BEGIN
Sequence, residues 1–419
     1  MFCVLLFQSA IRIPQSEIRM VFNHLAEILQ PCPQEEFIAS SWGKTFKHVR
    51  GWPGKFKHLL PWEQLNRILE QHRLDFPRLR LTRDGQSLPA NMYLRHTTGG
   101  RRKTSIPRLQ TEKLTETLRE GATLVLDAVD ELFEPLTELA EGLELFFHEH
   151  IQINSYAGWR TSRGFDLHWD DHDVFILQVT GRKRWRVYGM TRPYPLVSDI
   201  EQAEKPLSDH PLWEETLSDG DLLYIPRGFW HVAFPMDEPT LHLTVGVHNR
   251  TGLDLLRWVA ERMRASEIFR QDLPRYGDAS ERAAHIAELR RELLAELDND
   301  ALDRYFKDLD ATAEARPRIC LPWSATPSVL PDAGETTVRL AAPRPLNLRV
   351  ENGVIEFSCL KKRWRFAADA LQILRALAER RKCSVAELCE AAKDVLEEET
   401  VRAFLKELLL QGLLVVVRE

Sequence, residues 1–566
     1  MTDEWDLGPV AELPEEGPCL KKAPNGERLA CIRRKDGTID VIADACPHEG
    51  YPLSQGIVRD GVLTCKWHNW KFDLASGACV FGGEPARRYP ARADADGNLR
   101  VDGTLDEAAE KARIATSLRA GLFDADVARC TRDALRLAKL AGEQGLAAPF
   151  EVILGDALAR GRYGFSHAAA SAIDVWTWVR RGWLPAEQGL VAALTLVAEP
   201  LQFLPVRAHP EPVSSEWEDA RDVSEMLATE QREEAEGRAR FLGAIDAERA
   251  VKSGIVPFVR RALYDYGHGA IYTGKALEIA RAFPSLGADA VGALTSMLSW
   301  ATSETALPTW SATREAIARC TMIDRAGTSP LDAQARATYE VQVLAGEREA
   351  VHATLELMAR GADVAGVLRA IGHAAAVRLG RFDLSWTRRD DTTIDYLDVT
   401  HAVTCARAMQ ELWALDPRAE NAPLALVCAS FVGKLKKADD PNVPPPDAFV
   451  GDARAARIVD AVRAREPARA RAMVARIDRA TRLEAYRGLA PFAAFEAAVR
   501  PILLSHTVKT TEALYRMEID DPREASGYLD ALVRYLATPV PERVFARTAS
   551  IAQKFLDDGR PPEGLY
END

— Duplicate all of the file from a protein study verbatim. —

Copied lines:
Sequence, residues 1–419
     1  MFCVLLFQSA IRIPQSEIRM VFNHLAEILQ PCPQEEFIAS SWGKTFKHVR
    51  GWPGKFKHLL PWEQLNRILE QHRLDFPRLR LTRDGQSLPA NMYLRHTTGG
   101  RRKTSIPRLQ TEKLTETLRE GATLVLDAVD ELFEPLTELA EGLELFFHEH
   151  IQINSYAGWR TSRGFDLHWD DHDVFILQVT GRKRWRVYGM TRPYPLVSDI
   201  EQAEKPLSDH PLWEETLSDG DLLYIPRGFW HVAFPMDEPT LHLTVGVHNR
   251  TGLDLLRWVA ERMRASEIFR QDLPRYGDAS ERAAHIAELR RELLAELDND
   301  ALDRYFKDLD ATAEARPRIC LPWSATPSVL PDAGETTVRL AAPRPLNLRV
   351  ENGVIEFSCL KKRWRFAADA LQILRALAER RKCSVAELCE AAKDVLEEET
   401  VRAFLKELLL QGLLVVVRE

Sequence, residues 1–566
     1  MTDEWDLGPV AELPEEGPCL KKAPNGERLA CIRRKDGTID VIADACPHEG
    51  YPLSQGIVRD GVLTCKWHNW KFDLASGACV FGGEPARRYP ARADADGNLR
   101  VDGTLDEAAE KARIATSLRA GLFDADVARC TRDALRLAKL AGEQGLAAPF
   151  EVILGDALAR GRYGFSHAAA SAIDVWTWVR RGWLPAEQGL VAALTLVAEP
   201  LQFLPVRAHP EPVSSEWEDA RDVSEMLATE QREEAEGRAR FLGAIDAERA
   251  VKSGIVPFVR RALYDYGHGA IYTGKALEIA RAFPSLGADA VGALTSMLSW
   301  ATSETALPTW SATREAIARC TMIDRAGTSP LDAQARATYE VQVLAGEREA
   351  VHATLELMAR GADVAGVLRA IGHAAAVRLG RFDLSWTRRD DTTIDYLDVT
   401  HAVTCARAMQ ELWALDPRAE NAPLALVCAS FVGKLKKADD PNVPPPDAFV
   451  GDARAARIVD AVRAREPARA RAMVARIDRA TRLEAYRGLA PFAAFEAAVR
   501  PILLSHTVKT TEALYRMEID DPREASGYLD ALVRYLATPV PERVFARTAS
   551  IAQKFLDDGR PPEGLY